5 Pretty Good Reasons to Let the Weeds Win

Lawn season is upon us once again, the silence and sanctity of our neighborhoods shattered by the constant roar of mowers, the whine of weed eaters, and the noxious fumes of various of chemical fertilizers, insecticides, and herbicides.

For those of you on the unending quest for that picture-perfect, velvety carpet of fescue or Bermuda grass, summertime is anything but carefree. Whereas you could be sipping lemonade and swinging in a hammock, you more often find yourself dragging sprinklers around, yelling at wayward canines, and hunting down dandelions with all the bloodthirsty indignation of a wounded panther.

But I’m here to tell you it doesn’t have to be that way. I’m here to tell you why you should let the weeds win.

1. No water? No problem!

Weeds are, in case you haven’t noticed, pretty sturdy little things. And part of being sturdy is growing and thriving wherever you happen to end up. Weeds are experts at this. Your coddled, carefully cultivated grasses are failures. Even in the midst of a Sahara-level drought, weeds remain green, if not downright lush. The only water they require is whatever rain happens to fall. Imagine, if you will, a world where you’re not dragging the sprinkler hose all over Hell’s half acre or paying a $823.56 water bill.

Imagine a world where you don’t go away on vacation and have to hire someone to keep your freaking grass alive. Weeds don’t need you or your stinkin’ water. Weeds don’t want you to care about their hydration. Stop being absurd and wasting one of the world’s most precious and scarce resources - clean drinking water - by literally dumping it out on the ground. Save your money and time and spend it on things like large steaks, cold beers, and blowing things up with fireworks. You know…the important stuff in life.

2. Bees need weeds.

You know what the difference between a weed and a flower is? Flowers live in pots and neatly kept beds, and weeds live out in the yard. In the spring and early summer, a wild yard is loaded with things like dandelions, henbit, chickweed, and other early flowers that provide important sources of pollen and nectar to honeybees who have had a very long winter with scant food stores. Having a yard made of weeds - and refraining from mowing it for those first crucial weeks into early April - ensures that hungry honeybees can reap the benefits. Plus, all those purple, yellow, and pink flowers are way prettier to look at than dry, brown grass you’re trying to coax out of hibernation.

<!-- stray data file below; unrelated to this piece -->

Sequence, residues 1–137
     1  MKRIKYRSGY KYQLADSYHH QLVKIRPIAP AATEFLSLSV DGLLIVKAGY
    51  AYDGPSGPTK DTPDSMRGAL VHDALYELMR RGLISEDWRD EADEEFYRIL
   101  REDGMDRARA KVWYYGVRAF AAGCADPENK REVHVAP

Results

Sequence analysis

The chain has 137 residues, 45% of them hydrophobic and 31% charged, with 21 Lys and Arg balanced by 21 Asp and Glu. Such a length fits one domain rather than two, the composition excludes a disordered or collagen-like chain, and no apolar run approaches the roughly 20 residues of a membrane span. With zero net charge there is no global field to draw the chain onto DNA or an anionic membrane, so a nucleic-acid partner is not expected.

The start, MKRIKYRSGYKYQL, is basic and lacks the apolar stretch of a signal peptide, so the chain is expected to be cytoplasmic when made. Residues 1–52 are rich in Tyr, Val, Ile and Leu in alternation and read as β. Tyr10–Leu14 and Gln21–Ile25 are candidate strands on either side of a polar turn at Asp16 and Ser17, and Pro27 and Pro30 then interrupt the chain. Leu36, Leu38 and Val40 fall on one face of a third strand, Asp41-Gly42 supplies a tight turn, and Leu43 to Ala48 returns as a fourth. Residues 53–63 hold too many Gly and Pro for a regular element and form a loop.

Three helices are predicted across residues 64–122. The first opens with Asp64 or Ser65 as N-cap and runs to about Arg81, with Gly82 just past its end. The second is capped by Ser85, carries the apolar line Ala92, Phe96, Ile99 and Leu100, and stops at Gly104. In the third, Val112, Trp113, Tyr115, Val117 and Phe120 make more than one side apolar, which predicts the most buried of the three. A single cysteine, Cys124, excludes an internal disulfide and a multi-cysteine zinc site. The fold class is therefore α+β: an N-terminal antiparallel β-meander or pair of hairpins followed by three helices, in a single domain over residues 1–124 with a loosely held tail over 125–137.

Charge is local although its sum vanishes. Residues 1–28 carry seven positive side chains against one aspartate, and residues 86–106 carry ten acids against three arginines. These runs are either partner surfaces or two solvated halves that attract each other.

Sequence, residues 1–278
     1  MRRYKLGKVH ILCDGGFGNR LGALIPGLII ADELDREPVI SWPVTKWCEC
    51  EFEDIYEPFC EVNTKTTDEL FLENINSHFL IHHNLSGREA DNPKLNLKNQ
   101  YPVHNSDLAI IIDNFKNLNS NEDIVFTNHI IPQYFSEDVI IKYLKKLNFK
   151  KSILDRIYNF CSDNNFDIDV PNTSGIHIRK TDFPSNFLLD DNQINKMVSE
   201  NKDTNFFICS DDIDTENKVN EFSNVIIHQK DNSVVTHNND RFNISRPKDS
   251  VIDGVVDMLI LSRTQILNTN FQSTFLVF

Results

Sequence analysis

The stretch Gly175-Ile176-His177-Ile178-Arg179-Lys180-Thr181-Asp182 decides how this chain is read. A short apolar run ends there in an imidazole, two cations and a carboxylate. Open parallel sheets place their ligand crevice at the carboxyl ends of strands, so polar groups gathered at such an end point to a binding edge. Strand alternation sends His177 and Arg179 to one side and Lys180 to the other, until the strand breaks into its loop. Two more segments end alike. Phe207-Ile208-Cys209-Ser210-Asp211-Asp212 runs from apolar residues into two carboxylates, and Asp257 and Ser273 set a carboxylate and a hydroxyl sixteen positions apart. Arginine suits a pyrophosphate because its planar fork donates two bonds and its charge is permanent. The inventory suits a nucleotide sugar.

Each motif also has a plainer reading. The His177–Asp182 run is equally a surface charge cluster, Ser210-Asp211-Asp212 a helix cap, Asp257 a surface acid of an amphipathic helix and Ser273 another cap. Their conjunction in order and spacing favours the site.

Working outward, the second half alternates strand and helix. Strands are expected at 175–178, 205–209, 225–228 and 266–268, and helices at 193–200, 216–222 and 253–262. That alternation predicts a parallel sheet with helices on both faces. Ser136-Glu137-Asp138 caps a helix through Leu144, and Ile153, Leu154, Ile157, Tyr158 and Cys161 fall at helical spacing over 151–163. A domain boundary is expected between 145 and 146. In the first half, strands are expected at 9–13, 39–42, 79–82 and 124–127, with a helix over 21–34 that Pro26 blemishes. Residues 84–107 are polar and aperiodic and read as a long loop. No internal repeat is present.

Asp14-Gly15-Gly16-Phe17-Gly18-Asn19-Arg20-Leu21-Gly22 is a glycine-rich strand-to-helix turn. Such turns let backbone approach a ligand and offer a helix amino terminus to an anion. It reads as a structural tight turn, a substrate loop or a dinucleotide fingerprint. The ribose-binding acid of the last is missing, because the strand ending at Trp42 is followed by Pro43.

3. Now this may come as a shock, but….

If your yard is made of weeds, then there’s absolutely no need for you to soak everything in herbicides! You put that battle to bed a long time ago. The same applies to pesticides for killing grubs and beetles and to all those fertilizers that will inevitably end up being washed down your storm drain.

Have you ever seen those little signs in people’s yards after the lawn chemical trucks have made their rounds? The signs warning you not to let your children or pets out onto the lawn for a certain number of hours?

What fun is summertime if you can’t run barefoot across the lawn with your kids or lie on your back at night and count the stars? What fun is summertime if you have to run in the house and slam all the windows shut because your lawn is being doused in a concoction of God-only-knows what, all in the name of keeping a non-native species of grass alive in an environment its totally not suited to? What fun is summertime if you can’t go out and catch fireflies in a jar because ALL THE FIREFLIES ARE DEAD?

I rest my case.

4. It’s all the same, once you mow it.

It’s green. It’s lush. It’s well-manicured. Weeds or grass, it doesn’t matter. It all looks perfectly fine once you give it a fresh haircut. And with weeds, you don’t have to obsess over the blade height or sharpness, because there’s pretty much no way you’re going kill those suckers - especially not accidentally.

5. Stick it to The Man.

I don’t know about you, but I get a kick out of some good old fashioned rebellion every now and then, and having a lawn beautifully blanketed in weeds is one small way to “opt out” of a pretty wasteful, toxic, and unnecessarily extravagant part of our culture.

Every dandelion is like a clever little protest sign! Every sweet little violet is like a tiny hippie singing “Kumbayah.” Every drop of water you don’t waste keeping your grass alive is a drop of water the earth thanks you for conserving! Plus, it’s a great way to stick it to your overachieving neighbors. They want you to compete with them for Shiniest Lawn, so simply don’t. Let them have the honor. Don’t keep up with the Jonses. Shrug them off completely. Nothing makes a Jones more livid than neighborly indifference.